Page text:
This summer we have documented some of the worst water quality we have ever seen on the Talek River, in four years of monitoring, with dissolved oxygen (DO) levels at 40% in the middle of the day, and ammonium levels near 1 mg/L. It has been surprising to see the Talek in such poor condition, even after the relatively high rainfall and flows this season. We have long been interested in the Talek River, and in determining what portion of inputs are due to wildlife versus human sewage. One of Emma's major research interests is human effects on rivers, so we were eager to introduce her to the Talek River. During her and Pat's visit, we traveled from the upper to the lower reaches of the Talek to collect samples on changing water quality and pharmaceutical levels that could indicate the degree of human vs. wildlife impact on the river.
Although we have sampled the middle and lower reaches of the Talek for years, we were incredibly grateful to be invited by the Director of the Mara Conservancy, Brian Heath, to visit the upper-most reaches of the Talek, which are inside the Naboisho Conservancy. He had told us how the river is in generally better condition up there, and we were excited for the opportunity to see it with him and hear his thoughts on the river, as he is such a source of knowledge about the area. As an added bonus, he flew us up there in his plane, covering what would have been about seven bumpy, dusty hours by road in about 10 minutes!
We landed at the airstrip for the Naboisho Conservancy, where we were greeted by the Conservancy rangers and driven to a site on the upper Talek River. Naboisho is a relatively new conservancy, started in 2010, and it is located in a beautiful section of the Mara I had never seen before. The landscape was rolling hills of acacia shrubland, with beautiful open views and lots of wildlife. The location we visited in the upper Talek, near a Naboisho Ranger's Station, was on a lovely stretch of river, lined with smooth, water-shaped rocks. Although the river was quite low, we could see the debris left behind by a huge flood that came through just a few days before our visit. Despite the low water levels, the DO at this site was super-saturated with oxygen, at 130%, indicating high levels of in-stream productivity.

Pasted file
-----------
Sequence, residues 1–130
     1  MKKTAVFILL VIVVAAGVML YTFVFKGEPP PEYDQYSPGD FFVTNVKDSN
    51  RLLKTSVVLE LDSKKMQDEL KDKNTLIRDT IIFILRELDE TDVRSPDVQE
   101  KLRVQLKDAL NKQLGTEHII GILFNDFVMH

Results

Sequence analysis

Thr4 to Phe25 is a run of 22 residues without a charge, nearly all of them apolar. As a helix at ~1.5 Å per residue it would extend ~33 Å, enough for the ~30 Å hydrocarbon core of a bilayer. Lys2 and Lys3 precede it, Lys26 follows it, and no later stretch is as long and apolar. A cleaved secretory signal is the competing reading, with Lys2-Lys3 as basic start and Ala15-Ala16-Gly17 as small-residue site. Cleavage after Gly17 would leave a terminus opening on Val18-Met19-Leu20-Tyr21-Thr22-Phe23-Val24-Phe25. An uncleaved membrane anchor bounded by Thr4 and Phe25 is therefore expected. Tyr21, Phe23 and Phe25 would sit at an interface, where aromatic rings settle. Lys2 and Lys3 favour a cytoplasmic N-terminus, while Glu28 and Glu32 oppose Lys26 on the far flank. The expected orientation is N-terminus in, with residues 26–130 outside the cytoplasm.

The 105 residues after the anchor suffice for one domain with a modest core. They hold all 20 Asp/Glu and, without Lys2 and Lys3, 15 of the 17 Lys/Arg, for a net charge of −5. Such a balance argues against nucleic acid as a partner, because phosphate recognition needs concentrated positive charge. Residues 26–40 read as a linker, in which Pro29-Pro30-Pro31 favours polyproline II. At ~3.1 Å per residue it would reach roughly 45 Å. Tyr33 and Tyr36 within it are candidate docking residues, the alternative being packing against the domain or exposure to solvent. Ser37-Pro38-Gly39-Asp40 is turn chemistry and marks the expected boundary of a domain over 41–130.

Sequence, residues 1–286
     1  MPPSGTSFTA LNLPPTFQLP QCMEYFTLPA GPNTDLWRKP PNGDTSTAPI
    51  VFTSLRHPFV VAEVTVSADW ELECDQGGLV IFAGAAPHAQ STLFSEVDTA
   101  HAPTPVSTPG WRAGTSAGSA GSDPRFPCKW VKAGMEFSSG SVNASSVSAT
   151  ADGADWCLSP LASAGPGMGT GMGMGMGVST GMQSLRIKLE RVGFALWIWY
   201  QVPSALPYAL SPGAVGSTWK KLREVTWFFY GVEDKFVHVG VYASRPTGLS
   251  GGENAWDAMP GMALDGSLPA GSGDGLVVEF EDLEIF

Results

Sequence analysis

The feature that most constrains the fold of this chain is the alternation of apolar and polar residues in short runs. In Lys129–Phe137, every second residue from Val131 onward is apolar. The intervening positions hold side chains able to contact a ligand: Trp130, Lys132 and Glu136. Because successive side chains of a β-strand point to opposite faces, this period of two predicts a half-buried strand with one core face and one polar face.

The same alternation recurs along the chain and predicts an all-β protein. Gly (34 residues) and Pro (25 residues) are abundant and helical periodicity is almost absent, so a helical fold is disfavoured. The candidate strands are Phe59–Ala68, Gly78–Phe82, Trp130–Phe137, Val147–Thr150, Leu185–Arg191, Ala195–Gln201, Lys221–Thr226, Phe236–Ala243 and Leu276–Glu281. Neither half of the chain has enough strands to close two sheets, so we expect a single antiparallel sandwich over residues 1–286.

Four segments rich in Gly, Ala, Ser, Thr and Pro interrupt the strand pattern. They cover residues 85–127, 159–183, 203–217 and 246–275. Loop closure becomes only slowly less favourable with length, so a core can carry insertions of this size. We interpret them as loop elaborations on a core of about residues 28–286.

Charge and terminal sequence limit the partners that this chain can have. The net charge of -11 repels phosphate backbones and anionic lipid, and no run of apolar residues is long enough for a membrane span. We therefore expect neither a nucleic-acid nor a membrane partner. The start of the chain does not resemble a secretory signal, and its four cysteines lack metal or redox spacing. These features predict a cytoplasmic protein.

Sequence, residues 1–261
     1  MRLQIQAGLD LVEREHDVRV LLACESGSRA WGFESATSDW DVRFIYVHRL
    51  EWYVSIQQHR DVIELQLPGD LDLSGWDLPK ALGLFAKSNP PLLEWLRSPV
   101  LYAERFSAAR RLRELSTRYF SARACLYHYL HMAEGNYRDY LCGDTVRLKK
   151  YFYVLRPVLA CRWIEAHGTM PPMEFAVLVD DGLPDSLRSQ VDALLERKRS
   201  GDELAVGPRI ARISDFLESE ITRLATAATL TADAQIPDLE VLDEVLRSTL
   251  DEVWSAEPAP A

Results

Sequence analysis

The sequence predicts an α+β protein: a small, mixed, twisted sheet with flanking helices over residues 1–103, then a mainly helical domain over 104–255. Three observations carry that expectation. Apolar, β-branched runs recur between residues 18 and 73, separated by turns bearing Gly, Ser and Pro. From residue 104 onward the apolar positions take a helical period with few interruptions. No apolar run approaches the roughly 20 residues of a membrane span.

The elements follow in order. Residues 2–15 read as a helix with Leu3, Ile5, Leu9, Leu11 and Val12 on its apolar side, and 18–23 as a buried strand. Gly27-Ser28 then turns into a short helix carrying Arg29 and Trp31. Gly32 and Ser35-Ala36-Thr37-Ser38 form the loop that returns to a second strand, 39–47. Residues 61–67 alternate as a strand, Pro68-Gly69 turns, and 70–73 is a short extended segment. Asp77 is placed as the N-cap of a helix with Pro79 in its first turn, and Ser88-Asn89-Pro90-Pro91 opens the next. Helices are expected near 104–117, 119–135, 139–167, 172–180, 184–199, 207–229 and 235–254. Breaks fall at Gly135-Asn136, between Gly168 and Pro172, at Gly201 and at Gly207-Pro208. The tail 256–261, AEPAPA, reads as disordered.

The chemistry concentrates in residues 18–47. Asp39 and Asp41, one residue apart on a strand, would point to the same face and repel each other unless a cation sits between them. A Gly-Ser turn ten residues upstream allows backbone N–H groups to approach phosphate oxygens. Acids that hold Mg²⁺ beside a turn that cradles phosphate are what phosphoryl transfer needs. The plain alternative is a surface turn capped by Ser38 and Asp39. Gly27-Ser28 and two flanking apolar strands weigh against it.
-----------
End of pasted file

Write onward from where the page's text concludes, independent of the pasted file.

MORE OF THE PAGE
Our next stop was on a small tributary to the upper Talek, the Enesikiria. Here we visited the upper-most hippo pool in this area. This is a great location, because it allows us to investigate the first effects of hippos on the river, and we will likely re-visit it for more sampling in the future. This pool was mostly stagnant, with little water flowing through it, and we could see the impacts of rotting hippo feces on the bottom of the pool. The DO levels here were 1.6%.
This was a great visit, and it convinced us of two things: 1) we should spend more time studying the upper reaches of the Talek River, and 2) we really should buy an airplane to fly to our study sites. Asante sana to Brian for hosting us!
Continuing downstream on the Talek by road, we sampled the Talek above most of the lodges and above and below Talek town. We also had our first, and only!, breakdown of the trip, but fortunately it was a small puncture and easily fixed. DO levels remained fairly high along this stretch, 80-85%, likely due to the high flows that had just come through and flushed out the river. We also sampled another tributary of the Talek, the Olare Orok, at a place fittingly known as "Smelly Crossing." Here DO levels were 27.9%. Although there are a growing number of lodges on this river and its tributary, the Ntiakntiak, it also has the highest density of hippos in the Mara, according to a survey done in 2009 by Erustus Kanga.
So what causes the river to look and smell the way it does-- hippos or people? And how much impact does this small tributary have on the Talek, and the Mara? You can see here an impressively large hippo pool located at the confluence of the Olare Orok and the Talek, with 56 hippos in it, and the plume of dark water emanating from the Olare Orok.
Finally, we reached our last sampling point on the Talek, just before it reaches the Mara River, at Rekero Camp. We have worked with the folks at Rekero Camp for several years now, and they have been incredibly gracious in hosting several of our meters and allowing us to sample the river there. Interestingly, the DO levels here were still quite high, at 84.7%, despite all the inputs coming in from upstream, likely due to the high flows that had just come through the river that week. This emphasizes the critical importance of having sufficient flow levels in a river-- given enough water, rivers have an abundance of natural processes that allow them to breakdown and incorporate a certain amount of inputs. However, when they are robbed of their most important resource, water quality suffers quickly.
After all the traveling and sampling, we were very grateful to the folks at Rekero for inviting us to relax with a cold glass of mango juice. Now this is the way to wrap up a sampling trip!
This was by far the smallest plane I have ever been in, and as a sufferer of motion sickness, I was a little nervous about the flight as we pushed the plane into position for take-off. However, it was a smooth and beautiful flight, it was amazing to see an aerial view of the Mara, and no motion sick bags were necessary.
|Pushing the plane into position for take-off|
|Aerial view of the Mara River|
|The upper Talek inside Naboisho Conservancy|
|High water mark on the upper Talek|
|Investigating a hippo pool on the Enesikiria tributary to the Talek|
|Emma and Pat in front of the plane|
|Breakdown on the Talek-Aitong road|
|Chris measuring water quality on the Olare Orok|
|Pool of 56 hippos at the confluence of Olare Orok and Talek Rivers|
|Chris checking our depth logger in a Talek hippo pool|
|Relaxing at Rekero Camp|